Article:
I came to the Yukon on an impulse while working my way through university. I had a good-paying but unsatisfying job working at the Calgary Brewery when graduate student Jim Bennett telephoned me. Would I like to assist him on a project in the Yukon?
I quit my job and two or three days later we were on the road north in a 1949 Mercury one-ton truck. The Alaska Highway was all potholes, gravel and dust in 1971. We travelled behind one large transport truck for several hours, unable to pass him because the dust reduced the visibility ahead to zero.
Our truck broke down 100 kilometres from Fort Nelson. I camped in the ditch beside the truck for three days while Jim hitchhiked ahead to Fort Nelson to find a fuel pump. The fuel pump wasn’t the problem as it turned out. We finally resolved the issue, however, and continued our journey after Jim replaced the old truck with a newer, less interesting, but more reliable one.
I returned the following year. Driving the dusty highway to the Yukon, I remember the roadside lodges as havens in the wilderness where one could buy gasoline, get flat tires fixed, obtain repairs, and buy a meal. If something went wrong along the way, a lodge was never far away.
Times have changed. Forty-plus years later, the highway has been straightened and paved. Cars are much more reliable and travel much farther on a tank of gas than they did in those days. The lodges and the stories of adventure of travelling the Alaska Highway remain only as memories, retold by those who lived along or drove the Alaska Highway. Everybody has their own unique story to tell of the experience.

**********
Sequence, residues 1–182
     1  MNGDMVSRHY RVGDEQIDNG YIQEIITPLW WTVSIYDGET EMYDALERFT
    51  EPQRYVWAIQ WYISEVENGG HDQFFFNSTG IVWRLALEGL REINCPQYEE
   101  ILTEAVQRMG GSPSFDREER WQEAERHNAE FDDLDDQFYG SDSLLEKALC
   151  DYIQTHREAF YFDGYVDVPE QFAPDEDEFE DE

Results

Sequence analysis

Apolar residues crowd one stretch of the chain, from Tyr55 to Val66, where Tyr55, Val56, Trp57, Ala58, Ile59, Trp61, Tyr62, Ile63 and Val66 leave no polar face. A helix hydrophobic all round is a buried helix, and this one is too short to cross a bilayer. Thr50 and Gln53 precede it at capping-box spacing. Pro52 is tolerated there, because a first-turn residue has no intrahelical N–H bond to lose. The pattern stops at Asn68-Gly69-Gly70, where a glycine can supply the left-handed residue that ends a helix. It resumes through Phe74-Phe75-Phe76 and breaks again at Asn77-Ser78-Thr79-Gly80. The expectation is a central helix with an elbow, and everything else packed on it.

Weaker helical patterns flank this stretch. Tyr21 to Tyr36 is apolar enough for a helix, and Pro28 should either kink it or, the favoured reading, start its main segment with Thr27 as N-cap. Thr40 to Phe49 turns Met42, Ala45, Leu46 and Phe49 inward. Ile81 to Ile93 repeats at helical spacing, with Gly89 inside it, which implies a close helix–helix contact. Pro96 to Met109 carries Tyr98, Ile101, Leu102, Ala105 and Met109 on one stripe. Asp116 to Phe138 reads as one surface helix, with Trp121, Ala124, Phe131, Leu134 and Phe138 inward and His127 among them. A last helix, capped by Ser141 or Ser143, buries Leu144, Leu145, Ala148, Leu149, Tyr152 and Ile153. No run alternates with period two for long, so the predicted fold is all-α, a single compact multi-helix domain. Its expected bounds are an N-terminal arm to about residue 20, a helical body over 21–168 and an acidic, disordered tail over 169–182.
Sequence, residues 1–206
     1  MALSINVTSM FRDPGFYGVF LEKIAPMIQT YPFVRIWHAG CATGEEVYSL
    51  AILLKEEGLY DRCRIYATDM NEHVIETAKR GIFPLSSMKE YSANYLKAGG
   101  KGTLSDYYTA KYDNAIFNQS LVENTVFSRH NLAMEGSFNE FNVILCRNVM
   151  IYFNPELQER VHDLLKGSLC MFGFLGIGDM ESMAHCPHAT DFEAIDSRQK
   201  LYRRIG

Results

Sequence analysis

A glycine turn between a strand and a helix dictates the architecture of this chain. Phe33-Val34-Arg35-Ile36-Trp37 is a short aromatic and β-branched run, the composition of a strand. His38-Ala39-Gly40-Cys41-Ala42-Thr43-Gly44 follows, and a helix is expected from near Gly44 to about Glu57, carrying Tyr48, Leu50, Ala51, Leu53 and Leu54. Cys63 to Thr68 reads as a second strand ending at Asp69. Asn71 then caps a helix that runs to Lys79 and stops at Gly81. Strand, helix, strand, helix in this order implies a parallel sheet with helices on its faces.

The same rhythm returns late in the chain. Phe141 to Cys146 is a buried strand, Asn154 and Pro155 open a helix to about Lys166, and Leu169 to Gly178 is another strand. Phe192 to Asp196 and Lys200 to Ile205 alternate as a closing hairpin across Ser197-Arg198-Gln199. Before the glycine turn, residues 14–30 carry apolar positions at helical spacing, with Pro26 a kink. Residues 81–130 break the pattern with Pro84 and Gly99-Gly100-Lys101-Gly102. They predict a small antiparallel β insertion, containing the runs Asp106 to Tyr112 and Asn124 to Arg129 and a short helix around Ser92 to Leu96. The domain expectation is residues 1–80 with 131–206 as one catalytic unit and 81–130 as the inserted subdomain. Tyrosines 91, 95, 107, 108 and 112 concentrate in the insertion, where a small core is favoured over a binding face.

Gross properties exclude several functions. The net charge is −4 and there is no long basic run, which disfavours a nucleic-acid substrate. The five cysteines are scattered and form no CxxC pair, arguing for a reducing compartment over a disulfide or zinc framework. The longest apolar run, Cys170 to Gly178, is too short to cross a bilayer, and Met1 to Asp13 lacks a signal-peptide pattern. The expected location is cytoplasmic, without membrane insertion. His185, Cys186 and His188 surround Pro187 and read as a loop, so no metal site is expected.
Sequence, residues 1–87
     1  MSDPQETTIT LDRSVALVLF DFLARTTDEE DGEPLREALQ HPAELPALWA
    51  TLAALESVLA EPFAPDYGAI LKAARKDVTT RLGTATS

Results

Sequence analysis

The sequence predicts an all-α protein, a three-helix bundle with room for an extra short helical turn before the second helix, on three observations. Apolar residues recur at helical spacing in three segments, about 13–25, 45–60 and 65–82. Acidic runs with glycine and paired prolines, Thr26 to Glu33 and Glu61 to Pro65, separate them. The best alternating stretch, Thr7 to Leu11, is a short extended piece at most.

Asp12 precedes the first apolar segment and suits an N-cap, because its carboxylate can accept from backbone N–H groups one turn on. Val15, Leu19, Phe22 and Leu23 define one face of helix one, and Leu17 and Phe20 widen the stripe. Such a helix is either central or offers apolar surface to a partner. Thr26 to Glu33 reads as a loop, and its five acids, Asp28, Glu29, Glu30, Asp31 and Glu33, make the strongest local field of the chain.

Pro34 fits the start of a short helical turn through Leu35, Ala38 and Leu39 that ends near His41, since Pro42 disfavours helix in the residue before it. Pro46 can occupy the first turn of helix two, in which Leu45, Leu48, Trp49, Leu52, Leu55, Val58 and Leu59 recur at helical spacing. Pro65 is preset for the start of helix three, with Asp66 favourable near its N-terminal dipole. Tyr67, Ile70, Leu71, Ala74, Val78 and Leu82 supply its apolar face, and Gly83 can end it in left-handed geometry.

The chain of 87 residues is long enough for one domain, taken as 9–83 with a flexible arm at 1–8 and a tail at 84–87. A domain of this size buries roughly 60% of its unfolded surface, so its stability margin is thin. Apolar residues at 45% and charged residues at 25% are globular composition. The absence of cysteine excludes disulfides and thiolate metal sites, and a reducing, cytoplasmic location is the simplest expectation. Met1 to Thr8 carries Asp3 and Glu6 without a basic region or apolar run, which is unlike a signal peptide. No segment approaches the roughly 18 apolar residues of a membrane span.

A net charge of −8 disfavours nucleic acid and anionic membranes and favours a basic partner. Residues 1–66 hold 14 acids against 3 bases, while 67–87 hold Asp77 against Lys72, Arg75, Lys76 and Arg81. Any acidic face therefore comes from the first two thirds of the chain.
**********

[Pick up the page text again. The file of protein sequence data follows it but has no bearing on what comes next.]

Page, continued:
I attended a public meeting of the Alaska Highway Heritage Society Yukon last Thursday at the Bush Pilot Room in the Yukon Transportation Museum. The meeting was a call to the public to share their stories and identify points of interest along the highway.
The Alaska Highway is not just a highway that passes through hundreds of miles of wilderness; it is also a landscape rich in human history. But most travellers get only a hint of this when they travel along the highway corridor. The society would like to change this by sharing stories and identifying and helping to protect places of historical and cultural interest along the highway.
One of the goals of the society is to nominate the Alaska Highway to the Historic Sites and Monuments Board of Canada for their consideration. The board could then recommend it to the minister for recognition as a place of national historic significance.
But there is more than this goal. Thousands of people travel the Alaska Highway every year without being aware of the stories of people and places attached to the corridor. The society is interested in gathering these stories and telling visitors about them. Several of the people in attendance at this meeting shared their stories about the highway.
Pat Ellis, who first arrived in Whitehorse in 1953, remembers a small town filled with young people. She remembers that Macrae, located on the highway south of town, was a major depot for the military during and after the war.
At one time, there were barracks there for the army and army contractors. There were garages and a laundry. The soldiers always had neat, starched uniforms, she recalled. There was a sign painting shop, a wood working shop and a theatre. The theatre was a large Quonset structure capable of holding 600 people. The premiere of the film This is the Army took place here during the war. Little survives of this complex today so it is easy to forget that it existed.